Amazon moving into Brick and Mortar was inevitable (hopefully not a surprise). Amazon competes and beats retailers based upon three major pillars: 1) an item assortment (SKUs) that is one of the largest in the world, 2) visibility to inventory across an expansive fulfillment network and 3) operationally the ability to fulfill inventory and deliver orders within hours or days (time). Amazon executes and exceeds the customer expectation by taking order demand and the ability to source inventory from anywhere? At the center of their commerce universe is an order management system (OMS).
OMS foundationally has four pillars: 1) inventory visibility, 2) order routing (DOM), 3) store and vendor fulfillment and 4) customer call. However without an integration frame work and the ability to move commercially relevant data and the ability to integrate with disparate applications and providers…..is like an ATM not connected to a bank.
Amazon does not think in terms of channels nor should retailers. They think in terms of how to improve the customer experience and delight the customer first and foremost. Should we sunset the word “Omni-Channel”? This author believes the answer is Yes. Omni-Channel is dead and should be replaced with the following: Unify Commerce. What is Unify Commerce? Simply stated, it is the ability to capture demand from any source and form factor (physical or digital) and the ability to source inventory to meet the demand of the customer in the most optimal manner (cost and service). You may be asking is this a matter of semantics; Omni-Channel vs. Unified Commerce. No this is a mindset shift and distinction by which Retailers need to stop using the word “Channel” and think in terms of customer demand source and how demand is being fulfilled (supply source). Customers don’t use the word channel with respect to how they engage with retailers. Your customers don’t say “I bought this item via your ecommerce or brick and mortar channel.”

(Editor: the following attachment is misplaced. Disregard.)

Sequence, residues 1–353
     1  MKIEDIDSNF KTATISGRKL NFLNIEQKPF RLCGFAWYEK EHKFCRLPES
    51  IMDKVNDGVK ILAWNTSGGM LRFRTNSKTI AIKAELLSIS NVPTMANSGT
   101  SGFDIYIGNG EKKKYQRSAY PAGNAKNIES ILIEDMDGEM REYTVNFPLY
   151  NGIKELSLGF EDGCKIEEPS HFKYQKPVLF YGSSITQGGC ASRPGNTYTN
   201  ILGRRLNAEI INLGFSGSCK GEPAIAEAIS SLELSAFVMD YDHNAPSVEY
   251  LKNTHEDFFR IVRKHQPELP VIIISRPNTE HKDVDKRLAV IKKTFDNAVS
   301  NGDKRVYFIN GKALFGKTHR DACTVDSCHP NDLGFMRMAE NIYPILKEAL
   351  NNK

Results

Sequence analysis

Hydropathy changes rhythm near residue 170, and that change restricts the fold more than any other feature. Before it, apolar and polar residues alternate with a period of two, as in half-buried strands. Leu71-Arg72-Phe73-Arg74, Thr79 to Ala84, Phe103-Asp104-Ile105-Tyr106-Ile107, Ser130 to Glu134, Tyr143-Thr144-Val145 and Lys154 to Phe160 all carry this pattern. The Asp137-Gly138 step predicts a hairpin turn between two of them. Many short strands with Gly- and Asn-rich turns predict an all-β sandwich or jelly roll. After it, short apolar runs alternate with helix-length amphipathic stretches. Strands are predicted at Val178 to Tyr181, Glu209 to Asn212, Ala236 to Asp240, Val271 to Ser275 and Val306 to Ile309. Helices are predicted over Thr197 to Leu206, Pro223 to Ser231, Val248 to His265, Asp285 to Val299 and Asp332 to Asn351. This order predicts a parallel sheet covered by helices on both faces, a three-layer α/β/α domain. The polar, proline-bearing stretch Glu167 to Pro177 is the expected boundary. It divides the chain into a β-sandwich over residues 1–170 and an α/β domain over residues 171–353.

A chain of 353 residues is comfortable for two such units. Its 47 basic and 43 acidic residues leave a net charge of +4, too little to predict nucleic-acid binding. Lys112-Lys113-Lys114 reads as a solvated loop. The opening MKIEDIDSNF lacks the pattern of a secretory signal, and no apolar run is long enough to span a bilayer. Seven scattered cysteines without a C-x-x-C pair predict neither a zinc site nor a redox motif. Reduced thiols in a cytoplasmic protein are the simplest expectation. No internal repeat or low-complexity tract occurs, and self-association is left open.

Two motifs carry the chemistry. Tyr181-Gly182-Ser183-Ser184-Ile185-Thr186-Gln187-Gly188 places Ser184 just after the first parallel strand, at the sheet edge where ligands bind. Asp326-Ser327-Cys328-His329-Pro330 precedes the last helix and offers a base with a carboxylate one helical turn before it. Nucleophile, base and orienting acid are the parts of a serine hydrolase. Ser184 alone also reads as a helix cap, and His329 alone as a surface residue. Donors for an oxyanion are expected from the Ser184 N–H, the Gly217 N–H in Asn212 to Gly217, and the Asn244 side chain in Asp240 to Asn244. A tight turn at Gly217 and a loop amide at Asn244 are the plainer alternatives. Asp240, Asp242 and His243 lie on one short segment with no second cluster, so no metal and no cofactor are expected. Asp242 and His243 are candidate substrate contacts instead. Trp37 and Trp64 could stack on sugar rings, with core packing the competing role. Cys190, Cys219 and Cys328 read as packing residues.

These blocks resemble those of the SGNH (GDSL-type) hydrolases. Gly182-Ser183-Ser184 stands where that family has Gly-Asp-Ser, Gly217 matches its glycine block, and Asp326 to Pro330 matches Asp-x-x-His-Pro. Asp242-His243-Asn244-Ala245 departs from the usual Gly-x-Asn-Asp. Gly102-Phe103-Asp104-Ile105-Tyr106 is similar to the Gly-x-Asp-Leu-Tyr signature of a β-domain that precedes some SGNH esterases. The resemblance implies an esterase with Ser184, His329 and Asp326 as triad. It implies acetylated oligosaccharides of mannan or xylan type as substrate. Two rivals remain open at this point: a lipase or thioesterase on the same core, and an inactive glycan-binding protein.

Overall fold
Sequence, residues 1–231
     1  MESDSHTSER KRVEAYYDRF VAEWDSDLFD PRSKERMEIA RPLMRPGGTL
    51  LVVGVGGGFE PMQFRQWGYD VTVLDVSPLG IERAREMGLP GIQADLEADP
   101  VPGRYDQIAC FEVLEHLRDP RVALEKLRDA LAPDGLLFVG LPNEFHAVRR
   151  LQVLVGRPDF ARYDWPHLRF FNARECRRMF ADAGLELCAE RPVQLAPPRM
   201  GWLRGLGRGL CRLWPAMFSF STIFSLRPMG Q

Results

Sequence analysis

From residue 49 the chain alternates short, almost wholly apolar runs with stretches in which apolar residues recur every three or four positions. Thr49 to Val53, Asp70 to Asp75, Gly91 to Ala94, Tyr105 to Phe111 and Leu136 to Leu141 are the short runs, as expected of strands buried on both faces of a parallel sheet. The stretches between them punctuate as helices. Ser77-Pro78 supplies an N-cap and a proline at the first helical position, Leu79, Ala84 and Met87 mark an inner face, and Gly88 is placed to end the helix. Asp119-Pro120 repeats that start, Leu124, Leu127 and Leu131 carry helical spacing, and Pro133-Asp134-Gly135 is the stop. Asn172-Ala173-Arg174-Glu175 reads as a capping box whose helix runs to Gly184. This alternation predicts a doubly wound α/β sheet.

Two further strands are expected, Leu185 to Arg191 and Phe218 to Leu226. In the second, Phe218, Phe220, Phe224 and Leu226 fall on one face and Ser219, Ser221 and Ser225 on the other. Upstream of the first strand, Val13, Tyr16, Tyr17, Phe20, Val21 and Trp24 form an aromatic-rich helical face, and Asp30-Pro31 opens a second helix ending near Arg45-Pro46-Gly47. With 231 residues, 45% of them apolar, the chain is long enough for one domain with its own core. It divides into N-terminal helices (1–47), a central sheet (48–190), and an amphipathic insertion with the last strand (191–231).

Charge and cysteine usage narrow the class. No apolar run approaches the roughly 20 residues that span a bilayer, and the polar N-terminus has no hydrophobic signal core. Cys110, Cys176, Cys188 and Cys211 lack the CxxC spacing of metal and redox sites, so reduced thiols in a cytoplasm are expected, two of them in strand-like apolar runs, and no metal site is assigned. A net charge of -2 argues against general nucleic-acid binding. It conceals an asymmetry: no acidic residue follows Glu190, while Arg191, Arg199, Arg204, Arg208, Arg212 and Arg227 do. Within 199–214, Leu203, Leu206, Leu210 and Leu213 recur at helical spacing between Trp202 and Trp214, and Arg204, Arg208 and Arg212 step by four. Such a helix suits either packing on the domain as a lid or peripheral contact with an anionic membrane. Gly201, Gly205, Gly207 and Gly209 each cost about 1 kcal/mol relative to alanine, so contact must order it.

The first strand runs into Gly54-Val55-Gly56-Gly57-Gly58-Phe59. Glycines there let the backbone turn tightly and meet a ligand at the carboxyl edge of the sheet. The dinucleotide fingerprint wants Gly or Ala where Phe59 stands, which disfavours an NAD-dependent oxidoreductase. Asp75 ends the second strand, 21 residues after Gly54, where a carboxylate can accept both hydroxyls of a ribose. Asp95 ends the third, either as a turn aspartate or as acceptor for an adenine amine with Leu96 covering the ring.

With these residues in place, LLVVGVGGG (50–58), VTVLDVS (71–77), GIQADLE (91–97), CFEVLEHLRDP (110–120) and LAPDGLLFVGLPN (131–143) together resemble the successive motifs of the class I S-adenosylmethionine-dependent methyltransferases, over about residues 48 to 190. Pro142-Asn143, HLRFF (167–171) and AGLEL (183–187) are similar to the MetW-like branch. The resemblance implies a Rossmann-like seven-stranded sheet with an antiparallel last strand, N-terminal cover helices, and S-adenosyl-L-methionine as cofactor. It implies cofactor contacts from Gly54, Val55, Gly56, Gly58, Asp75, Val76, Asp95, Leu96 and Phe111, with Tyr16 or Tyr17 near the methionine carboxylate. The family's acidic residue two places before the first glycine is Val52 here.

Think like a customer first…..and determine how to delight them.
To some it may be obvious but Amazon is taking down large retailers because of their ability to create demand (Prime) but more importantly their ability to source inventory to meet the demand utilizing and incredible network of self-fulfillment DCs and a vast vendor drop ship network. So if this is obvious then why are retailers so slow to catch on? What is impeding a retailers ability to expand their item assortment and fulfill demand?
The answer is Order Management built on an integration framework.